[concurrency-interest] Lock-free mania

Joseph Seigh jseigh_cp00 at xemaps.com
Mon Apr 16 22:02:45 EDT 2007


Eric Crahen wrote:

> */Joseph Seigh <jseigh_cp00 at xemaps.com>/* wrote:
>
>     Testing isn't necessarily all that difficult either. Some lock-free
>     algorithms allow you to make
>     observations that aren't available to lock based algorithms. You can
>     use this to verify that
>     your code works under some boundary conditions, e.g. that you've
>     avoided
>     certain race
>     conditions.
>
> That's very interesting. Do you have any examples of using this to 
> your advantage in testing a lock-less data structure?


In testing PDR (PCOW Deferred Reclamation) algorithms, I usually  add a 
state to memory objects (
current, stale (pending reclamation), and deallocated, and make a count 
of the observed stated.  If
you see a high enough stale count without seeing any deallocated objects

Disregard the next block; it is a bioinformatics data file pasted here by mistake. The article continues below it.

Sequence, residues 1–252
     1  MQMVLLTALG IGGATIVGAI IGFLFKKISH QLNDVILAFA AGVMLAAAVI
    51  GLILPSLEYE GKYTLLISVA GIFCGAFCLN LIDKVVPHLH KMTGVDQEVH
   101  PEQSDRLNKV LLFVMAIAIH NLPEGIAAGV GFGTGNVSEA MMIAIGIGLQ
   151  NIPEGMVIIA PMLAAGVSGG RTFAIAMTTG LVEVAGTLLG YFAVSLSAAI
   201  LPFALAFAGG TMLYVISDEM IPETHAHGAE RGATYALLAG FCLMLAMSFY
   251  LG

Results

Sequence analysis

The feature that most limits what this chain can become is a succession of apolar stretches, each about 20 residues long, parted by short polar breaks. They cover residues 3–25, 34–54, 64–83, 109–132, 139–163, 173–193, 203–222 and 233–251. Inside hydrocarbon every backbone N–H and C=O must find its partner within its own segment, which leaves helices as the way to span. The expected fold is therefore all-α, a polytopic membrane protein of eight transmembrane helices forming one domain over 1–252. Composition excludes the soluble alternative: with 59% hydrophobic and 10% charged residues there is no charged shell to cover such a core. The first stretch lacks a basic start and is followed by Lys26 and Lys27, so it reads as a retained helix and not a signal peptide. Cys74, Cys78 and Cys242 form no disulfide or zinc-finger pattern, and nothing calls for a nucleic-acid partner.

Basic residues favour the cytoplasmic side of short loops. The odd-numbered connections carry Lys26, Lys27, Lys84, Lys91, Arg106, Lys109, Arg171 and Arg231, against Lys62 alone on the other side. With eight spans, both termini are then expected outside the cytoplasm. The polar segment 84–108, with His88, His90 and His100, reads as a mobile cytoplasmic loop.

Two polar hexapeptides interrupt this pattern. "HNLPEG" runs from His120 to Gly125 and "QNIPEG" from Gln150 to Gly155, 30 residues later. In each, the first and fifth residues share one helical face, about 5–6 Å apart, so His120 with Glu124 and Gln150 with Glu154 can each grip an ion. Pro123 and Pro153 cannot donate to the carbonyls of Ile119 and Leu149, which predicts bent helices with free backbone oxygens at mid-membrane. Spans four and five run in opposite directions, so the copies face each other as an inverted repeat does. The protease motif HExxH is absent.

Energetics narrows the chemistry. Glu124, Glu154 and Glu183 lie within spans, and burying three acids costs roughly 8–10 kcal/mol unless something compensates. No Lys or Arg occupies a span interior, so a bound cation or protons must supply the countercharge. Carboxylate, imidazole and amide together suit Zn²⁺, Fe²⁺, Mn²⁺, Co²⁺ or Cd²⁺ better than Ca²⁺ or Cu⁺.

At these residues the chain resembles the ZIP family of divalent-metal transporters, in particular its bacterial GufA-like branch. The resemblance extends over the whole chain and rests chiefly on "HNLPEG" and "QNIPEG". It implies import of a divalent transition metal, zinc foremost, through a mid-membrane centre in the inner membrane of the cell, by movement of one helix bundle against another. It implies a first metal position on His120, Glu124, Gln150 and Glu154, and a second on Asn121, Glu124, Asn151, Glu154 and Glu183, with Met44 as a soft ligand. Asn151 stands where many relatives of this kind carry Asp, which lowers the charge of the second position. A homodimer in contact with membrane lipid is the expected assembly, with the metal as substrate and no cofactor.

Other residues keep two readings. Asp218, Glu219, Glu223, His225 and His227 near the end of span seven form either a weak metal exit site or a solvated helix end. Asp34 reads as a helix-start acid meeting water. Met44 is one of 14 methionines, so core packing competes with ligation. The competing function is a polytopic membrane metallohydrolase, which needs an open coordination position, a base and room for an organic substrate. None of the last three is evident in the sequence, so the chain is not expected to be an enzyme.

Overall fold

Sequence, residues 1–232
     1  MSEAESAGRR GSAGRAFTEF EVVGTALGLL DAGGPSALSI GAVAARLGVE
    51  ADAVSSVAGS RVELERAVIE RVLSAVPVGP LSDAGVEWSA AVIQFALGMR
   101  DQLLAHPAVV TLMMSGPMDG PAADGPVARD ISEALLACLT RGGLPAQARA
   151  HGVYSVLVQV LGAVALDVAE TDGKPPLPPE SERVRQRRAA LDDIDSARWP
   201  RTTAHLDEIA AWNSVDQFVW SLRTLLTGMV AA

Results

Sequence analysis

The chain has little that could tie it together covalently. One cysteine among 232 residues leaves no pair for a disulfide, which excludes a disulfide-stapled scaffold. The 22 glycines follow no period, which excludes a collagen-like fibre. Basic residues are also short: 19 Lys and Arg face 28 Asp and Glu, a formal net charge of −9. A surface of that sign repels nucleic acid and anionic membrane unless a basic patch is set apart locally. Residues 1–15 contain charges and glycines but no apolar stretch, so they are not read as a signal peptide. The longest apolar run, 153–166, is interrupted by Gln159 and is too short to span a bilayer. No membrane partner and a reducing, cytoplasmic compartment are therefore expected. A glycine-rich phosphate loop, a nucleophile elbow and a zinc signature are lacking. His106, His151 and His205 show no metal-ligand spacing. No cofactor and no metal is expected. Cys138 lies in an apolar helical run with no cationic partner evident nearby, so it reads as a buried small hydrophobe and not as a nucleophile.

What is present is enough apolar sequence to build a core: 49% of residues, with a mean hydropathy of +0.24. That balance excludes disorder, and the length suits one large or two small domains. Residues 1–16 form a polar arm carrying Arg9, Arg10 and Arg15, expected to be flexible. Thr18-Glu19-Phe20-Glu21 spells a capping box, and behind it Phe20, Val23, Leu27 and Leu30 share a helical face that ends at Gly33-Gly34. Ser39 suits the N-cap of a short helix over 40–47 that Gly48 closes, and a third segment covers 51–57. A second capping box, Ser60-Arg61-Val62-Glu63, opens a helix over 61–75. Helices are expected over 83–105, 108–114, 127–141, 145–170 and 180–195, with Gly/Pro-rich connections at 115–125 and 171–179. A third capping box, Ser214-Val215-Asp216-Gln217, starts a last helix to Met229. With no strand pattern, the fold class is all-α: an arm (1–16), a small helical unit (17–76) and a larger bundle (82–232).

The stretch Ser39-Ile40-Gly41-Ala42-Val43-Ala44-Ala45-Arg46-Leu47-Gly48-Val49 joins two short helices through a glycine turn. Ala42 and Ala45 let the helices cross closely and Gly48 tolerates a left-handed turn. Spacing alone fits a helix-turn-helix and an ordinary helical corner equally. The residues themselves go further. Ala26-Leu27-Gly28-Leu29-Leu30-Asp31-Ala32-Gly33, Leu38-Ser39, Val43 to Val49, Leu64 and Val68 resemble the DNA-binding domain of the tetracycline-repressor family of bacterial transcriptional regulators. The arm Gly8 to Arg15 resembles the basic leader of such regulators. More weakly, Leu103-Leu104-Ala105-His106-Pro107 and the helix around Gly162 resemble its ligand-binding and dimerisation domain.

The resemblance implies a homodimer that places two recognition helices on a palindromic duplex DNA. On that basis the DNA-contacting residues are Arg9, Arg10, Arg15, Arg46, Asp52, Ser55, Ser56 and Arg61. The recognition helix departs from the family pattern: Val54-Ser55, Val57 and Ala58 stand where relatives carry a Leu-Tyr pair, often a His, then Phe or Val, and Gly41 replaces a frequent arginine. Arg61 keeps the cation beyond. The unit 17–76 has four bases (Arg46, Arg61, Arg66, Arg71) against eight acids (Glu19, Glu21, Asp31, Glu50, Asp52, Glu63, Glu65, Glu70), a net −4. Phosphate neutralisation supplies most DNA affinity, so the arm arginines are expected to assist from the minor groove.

(which you shouldn't see from
an application program), you know you are getting preempted threads 
holding references to objects
pending reclamation and the memory reclamation is working by not 
deallocating the objects too soon.
I believe Paul McKenney uses the same technque to stress test RCU in the 
Linux kernel.

In lock-free, usually your boundary conditions have race conditions (the 
race condition being on the
safe side).  If you can detect executions in the race condition 
interval, you know you're executing
near the boundary but staying on the safe side.

--
Joe Seigh


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